Sweet desserts Apple, lemon, pumpkin, or berry-based desserts
White turkey meat (no skin) Dark turkey meat
White bread and processed flours Whole grain bread and whole wheat and nut flours
Sweet potatoes or yams with marshmallow topping Sweet potatoes with egg meringue topping
Canned cranberry sauce Cranberry compote sweetened with dried fruit (no added sugar)
Focus on enjoying Thanksgiving with these food swaps.

Help Yourself to Some Turkey

When it comes time to build your plate, don't forget about the turkey. We often overstuff ourselves on appetizers so much that we miss out on the main course. Aim to reduce your intake of pre-meal snacks (chips, cheese, dips, etc.) and appetizers so that you have an appetite for some of the healthier choices, like turkey. Turkey is a good source of protein, and high in niacin, phosphorous, selenium, vitamin B6, and zinc. It is also all protein and has zero grams of carbohydrates (which means it won't spike your blood sugar). A 3-ounce serving of white meat turkey breast contains roughly 87 calories, 15 grams of protein, and 3 grams of carbohydrates. The key to eating turkey is to avoid drowning it in gravy—a tablespoon or two is fine.

Don't Stuff Yourself on Stuffing

Stuffing can pack a calorie, fat, and carbohydrate wallop. The main ingredients in stuffing are bread and butter, and most of the time, recipes call for added calorie-dense ingredients, such as sausage. Understandably, if it's your favorite side dish and you look forward to it all year, by all means, take some, but try to keep your portion in check (about 1/2 cup).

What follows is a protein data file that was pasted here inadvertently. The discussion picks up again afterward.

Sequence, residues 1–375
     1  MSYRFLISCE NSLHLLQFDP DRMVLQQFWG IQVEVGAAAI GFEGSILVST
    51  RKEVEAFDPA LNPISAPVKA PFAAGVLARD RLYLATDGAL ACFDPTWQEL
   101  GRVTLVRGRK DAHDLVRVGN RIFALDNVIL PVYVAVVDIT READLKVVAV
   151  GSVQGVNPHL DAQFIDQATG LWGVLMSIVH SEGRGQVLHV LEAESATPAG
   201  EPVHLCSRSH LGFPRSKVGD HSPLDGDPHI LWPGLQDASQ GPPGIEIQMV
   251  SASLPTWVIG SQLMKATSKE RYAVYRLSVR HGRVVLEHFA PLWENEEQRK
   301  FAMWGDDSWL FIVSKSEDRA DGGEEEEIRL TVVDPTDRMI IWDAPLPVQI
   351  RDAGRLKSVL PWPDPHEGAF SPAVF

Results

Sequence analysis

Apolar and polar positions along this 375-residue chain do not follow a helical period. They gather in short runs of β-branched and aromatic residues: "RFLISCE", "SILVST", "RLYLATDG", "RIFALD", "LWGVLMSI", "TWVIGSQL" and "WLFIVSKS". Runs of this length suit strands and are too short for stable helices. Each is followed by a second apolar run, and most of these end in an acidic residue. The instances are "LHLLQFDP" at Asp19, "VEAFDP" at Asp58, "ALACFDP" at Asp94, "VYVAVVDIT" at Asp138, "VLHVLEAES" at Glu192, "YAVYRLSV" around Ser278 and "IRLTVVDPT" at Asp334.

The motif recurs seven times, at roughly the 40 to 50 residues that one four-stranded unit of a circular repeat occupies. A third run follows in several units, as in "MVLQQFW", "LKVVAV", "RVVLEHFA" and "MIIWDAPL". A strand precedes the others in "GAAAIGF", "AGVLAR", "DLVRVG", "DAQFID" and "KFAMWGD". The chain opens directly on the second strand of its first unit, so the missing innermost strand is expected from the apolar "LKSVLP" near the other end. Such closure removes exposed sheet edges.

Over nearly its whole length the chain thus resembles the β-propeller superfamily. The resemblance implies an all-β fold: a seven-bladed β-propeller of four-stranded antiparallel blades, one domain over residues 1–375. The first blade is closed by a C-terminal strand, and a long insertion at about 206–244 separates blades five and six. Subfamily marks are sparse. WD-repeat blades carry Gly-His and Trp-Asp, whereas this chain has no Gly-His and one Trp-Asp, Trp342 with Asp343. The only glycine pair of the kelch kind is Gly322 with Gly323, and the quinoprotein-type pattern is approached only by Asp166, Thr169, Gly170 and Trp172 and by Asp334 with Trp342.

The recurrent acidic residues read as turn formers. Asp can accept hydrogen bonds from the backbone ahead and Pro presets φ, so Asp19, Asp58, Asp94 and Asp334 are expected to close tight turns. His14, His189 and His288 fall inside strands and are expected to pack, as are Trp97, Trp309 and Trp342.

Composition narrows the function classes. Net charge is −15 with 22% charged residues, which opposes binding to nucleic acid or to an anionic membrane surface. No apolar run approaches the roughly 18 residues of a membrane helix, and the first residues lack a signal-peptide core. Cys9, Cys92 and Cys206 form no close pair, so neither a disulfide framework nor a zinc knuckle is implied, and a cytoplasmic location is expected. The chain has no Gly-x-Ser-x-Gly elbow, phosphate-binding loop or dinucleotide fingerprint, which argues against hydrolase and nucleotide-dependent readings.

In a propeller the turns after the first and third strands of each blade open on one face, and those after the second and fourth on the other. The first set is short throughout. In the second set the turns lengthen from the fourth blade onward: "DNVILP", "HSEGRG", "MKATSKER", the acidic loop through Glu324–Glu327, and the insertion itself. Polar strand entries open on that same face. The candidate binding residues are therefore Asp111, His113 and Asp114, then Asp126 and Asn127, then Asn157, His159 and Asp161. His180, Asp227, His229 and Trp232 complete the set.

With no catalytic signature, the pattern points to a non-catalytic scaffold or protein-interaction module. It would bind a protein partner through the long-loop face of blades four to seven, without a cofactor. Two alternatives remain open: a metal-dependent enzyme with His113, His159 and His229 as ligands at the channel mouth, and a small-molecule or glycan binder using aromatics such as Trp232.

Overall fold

If you have control over how the stuffing is made, there are other ways to make stuffing healthier: try substituting fat-free chicken or veggie broth for some or most of the butter goes a long way toward cutting fat and calories. Also, try using whole-grain bread, then adding generous amounts of chopped vegetables (such as celery, carrots, onion, and cauliflower), nuts, and pumpkin, chia, or sunflower seeds—they will help make your stuffing substantially healthier, more filling, and less likely to affect blood sugar.

Start a New Tradition

It's easy to pack in the calories when you're sitting at the table all day long surrounded by food. Take some of the spotlight off the food by engaging in some sort of physical activity. Consider doing a turkey trot before heading to your destination or suggest an after-dinner walk around the neighborhood. Once dinner is complete or between courses get the group involved in a game of charades or other group activities, to get your blood moving. Engaging in another activity will also keep you occupied so you don't pick at leftovers or succumb to that second piece of pie.

A Word From Verywell

Having diabetes doesn't mean your holiday is going to be doomed. You can enjoy the food and the company while sticking to your health goals. All you need is a plan of action—limit picking, help yourself to the vegetables and turkey, enjoy a small amount of your favorite healthy dessert, and move a bit. You will feel satisfied and content with your choices, all while maintaining good energy and blood sugar.